Requirements and Curriculum
For many years physical therapy was available as a bachelor's degree, but in the late 1990's the bachelor degree programs in physical therapy were replaced by 2-year Master’s degree programs that required students to have completed their bachelor’s degree prior to entry. The majority of physical therapy programs have since transitioned to three-year doctorate programs (DPT). For a list of physical therapy programs in the United States please visit Physical Therapy Programs.
To prepare students for admission to physical therapy school, Luther College (and most other institutions) offers a pre-physical therapy program. These programs are not an academic major, but rather are a set of interdisciplinary courses that teach students the basic sciences necessary for entry into a DPT school. Thus, students may pursue any academic major during their undergraduate experience, although most students major in biology, health/physical education or psychology. Luther College graduates have had outstanding success in pursuing a DPT program after graduating, with an exceptional acceptance rate to programs around the country.
While entrance requirements for DPT programs vary by institution, the majority of programs require the following courses:
- One year of General Biology (2 courses)
- One year of General Chemistry (2 courses)
- One year of General Physics (2 courses)
- Human Physiology (1 course)
- Human Anatomy (1 course)
- Psychology (usually 3 courses, including General Psychology, Abnormal Psychology and one other course)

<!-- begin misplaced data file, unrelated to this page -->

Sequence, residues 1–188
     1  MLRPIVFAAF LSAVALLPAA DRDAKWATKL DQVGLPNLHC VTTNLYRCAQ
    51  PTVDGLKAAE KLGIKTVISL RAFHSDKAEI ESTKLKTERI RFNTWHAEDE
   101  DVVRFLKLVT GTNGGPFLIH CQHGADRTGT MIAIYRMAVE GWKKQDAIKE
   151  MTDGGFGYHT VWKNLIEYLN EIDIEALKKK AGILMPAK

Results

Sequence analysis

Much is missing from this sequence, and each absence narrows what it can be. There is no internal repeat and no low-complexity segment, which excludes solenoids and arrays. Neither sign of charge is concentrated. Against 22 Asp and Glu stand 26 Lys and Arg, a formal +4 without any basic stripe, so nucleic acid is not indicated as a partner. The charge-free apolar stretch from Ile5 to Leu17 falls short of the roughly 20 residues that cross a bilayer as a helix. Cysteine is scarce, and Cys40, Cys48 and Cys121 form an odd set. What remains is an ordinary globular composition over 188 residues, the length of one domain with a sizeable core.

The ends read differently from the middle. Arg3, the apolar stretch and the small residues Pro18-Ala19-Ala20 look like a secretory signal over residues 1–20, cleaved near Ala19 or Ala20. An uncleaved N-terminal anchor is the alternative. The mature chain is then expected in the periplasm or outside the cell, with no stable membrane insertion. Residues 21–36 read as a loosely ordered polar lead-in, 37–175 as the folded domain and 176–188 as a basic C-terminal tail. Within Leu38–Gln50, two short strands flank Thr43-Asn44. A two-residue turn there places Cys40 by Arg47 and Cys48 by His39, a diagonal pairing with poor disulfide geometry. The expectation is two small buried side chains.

- Statistics (1 course)
- College Math (1 course)
Students may supplement their preparation by additional courses in Physical Education (such as Anatomy and Kinesiology, First Aid or Adaptive Physical Education) and Biology, as desired. In all cases, students should work closely with their advisors to plan an undergraduate curriculum that ensures completion of the entrance requirements for physical therapy schools.
In addition to completion of the necessary prerequisite courses, most DPT programs require that students take the Graduate Record Examination (GRE), usually during or after their junior year in college. The second requirement for entrance to a physical therapy program is experience in a physical therapy setting. This may be done in several ways, such as a formal internship for academic credit, a volunteer or paid position in a physical therapy clinic, or through shadowing a physical therapist during the academic year or summer. The Decorah region has several physical therapy clinics in which students can gain firsthand experience, and the Career Center can assist in arranging an internship experience.
American Physical Therapy Association
Web Site for Future PT Students - www.apta.org/ProspectiveStudents/
Facebook - www.facebook.com/APTAfans
Twitter - @APTAtweets